Milton Introduction

4,470 views

Published on

Introduction to John Milton and Paradise Lost.

Published in: Education, Spiritual
0 Comments
7 Likes
Statistics
Notes
  • Be the first to comment

No Downloads
Views
Total views
4,470
On SlideShare
0
From Embeds
0
Number of Embeds
30
Actions
Shares
0
Downloads
319
Comments
0
Likes
7
Embeds 0
No embeds

No notes for slide









  • Milton Introduction

    1. 1. JOHN MILTON Poetry and Paradise Lost
    2. 2. WHO WAS MILTON? 9 December 1608 – 8 November 1674 Born into middle class family, son of composer and musician Tutored at home; began equivalent of high school at 13; mastered Greek, Latin, and Hebrew as well as several modern European languages Poet, author, civil servant for Commonwealth of England Best known for Paradise Lost and Areopagatica, (condemnation of censorship)
    3. 3. CROMWELL SUPPORT Was away when Charles I was executed Wrote treatise defending the execution of Charles I Cromwell makes him Secretary of State for Foreign Tongues: he had to translate official documents into Latin and write in defense of new government Lost his eyesight while serving this position 1660: Monarchy restored; hard times for Milton (imprisoned, stripped of his property)
    4. 4. PARADISE LOST Companion piece: Paradise Regained Story of creation, fall, and redemption of humanity in two epics Dictated poem to his daughters (blind) Written over 10 years, nearly 11,000 lines Critics: greatest epic in the English language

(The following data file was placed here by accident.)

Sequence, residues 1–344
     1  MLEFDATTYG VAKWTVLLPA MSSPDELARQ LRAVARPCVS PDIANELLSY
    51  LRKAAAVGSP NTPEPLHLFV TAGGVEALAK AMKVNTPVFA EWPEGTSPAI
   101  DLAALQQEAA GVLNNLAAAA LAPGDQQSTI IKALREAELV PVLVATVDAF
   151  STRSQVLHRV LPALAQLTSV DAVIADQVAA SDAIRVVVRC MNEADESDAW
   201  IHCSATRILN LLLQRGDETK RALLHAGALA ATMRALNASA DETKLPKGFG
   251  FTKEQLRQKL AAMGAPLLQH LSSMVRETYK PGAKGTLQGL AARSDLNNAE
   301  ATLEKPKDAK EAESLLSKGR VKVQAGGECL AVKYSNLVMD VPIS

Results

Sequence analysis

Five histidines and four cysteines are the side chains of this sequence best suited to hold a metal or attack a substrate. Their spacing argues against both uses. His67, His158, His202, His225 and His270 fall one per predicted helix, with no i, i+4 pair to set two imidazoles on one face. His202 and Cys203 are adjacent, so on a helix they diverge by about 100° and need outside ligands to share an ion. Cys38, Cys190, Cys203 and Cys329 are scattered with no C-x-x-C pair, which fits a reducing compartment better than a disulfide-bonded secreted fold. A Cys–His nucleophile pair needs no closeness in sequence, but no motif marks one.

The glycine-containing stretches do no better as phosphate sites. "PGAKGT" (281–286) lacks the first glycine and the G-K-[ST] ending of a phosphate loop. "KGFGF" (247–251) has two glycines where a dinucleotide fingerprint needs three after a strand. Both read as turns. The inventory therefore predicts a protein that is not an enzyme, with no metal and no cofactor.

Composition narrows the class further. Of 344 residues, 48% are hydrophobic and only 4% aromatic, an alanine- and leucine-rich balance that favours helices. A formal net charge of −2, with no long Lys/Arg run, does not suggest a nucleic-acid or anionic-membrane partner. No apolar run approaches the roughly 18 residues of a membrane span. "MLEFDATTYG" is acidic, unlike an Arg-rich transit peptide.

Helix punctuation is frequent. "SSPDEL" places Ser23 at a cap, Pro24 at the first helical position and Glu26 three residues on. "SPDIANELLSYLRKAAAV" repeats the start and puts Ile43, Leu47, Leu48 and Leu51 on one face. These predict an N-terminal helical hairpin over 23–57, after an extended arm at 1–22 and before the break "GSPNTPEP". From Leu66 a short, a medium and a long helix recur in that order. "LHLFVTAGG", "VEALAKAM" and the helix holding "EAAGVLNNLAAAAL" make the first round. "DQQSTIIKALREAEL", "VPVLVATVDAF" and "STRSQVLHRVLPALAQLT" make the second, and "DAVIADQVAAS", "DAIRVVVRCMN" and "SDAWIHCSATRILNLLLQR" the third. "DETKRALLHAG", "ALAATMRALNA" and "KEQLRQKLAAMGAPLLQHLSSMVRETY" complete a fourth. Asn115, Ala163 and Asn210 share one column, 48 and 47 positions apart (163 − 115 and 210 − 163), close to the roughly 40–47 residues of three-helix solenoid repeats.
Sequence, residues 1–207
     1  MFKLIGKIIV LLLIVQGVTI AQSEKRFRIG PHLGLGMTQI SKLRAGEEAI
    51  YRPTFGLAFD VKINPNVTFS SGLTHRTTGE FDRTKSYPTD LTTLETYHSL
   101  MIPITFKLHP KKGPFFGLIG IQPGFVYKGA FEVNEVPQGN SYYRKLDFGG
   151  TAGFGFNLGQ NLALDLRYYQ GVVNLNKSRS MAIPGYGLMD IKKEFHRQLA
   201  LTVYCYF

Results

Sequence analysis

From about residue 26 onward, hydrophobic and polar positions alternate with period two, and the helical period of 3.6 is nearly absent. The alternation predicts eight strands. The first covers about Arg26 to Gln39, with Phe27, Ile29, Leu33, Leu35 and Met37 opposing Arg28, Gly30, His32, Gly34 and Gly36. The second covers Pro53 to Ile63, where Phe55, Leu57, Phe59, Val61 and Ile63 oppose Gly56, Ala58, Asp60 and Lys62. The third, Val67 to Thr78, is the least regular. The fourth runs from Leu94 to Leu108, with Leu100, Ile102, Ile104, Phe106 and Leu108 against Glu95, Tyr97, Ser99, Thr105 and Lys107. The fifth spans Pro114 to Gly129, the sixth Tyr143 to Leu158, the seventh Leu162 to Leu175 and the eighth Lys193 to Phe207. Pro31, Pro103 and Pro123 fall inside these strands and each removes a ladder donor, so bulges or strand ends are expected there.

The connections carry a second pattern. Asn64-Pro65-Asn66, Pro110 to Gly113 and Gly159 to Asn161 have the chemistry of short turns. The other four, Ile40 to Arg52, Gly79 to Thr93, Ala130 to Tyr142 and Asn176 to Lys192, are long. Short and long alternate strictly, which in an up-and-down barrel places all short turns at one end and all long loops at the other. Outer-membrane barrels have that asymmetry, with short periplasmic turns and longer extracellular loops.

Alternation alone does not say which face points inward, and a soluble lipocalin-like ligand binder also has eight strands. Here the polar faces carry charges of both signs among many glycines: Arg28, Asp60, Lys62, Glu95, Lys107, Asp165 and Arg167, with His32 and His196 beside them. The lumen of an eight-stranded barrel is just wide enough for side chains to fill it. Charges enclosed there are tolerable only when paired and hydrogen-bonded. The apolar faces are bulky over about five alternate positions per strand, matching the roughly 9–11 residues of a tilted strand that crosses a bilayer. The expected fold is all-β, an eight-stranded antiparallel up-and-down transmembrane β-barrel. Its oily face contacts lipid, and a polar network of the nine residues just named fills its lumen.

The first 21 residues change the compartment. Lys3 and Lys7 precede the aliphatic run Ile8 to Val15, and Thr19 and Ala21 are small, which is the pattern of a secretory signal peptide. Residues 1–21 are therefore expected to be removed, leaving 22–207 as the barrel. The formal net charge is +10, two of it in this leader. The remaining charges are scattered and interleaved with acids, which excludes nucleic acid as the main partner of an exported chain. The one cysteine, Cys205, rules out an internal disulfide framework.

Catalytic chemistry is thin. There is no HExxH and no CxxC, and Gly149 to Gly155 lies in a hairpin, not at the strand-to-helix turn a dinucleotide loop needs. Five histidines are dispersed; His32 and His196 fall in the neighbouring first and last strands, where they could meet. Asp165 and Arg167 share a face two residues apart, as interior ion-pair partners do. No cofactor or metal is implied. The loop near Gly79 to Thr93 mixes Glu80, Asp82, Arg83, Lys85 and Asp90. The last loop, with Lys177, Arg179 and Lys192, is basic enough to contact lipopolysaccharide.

5. 5. OVERVIEW Begins in medias res Introduction of Satan, rebellion against G-d Satan and his angels expelled from Heaven and sent to Hell War in Heaven is Milton’s invention Biblical story of Adam and Eve
    6. 6. COMMENTARY Wrote Paradise Lost and Paradise Regained to “justify the ways of G-d to man.” Reason and Free Will Free Will and Predestination Answer to historical crisis as Puritans challenge Church of England and English Civil War
    7. 7. SATAN AS HERO? 19th century Romantics viewed Satan as hero of Paradise Lost Ambitious and proud Defies his creator, omnipotent G-d Wages war on Heaven, defeated and cast down William Blake on Milton: “He was a true Poet, and of the Devil's party without knowing it.” Precursor to Romantic Byronic hero
    8. 8. SATAN NOT THE HERO? 20th century criticism: political and philosophical focus to interpretation Satan presented in terms that are Classically heroic He is diminished and reduced to a dust-eating serpent Politics: Satan’s conservative, hierarchical view of universe versus G-d’s new way of the Trinity - tension between traditional or “Old Testament” and “New Testament” revolutionaries
    9. 9. MILTON’S LEGACY Milton’s story as well known as biblical version Inspiration for poets William Blake and John Keats and novelist George Eliot Study of Paradise Lost an essential part of a respectable education

    ×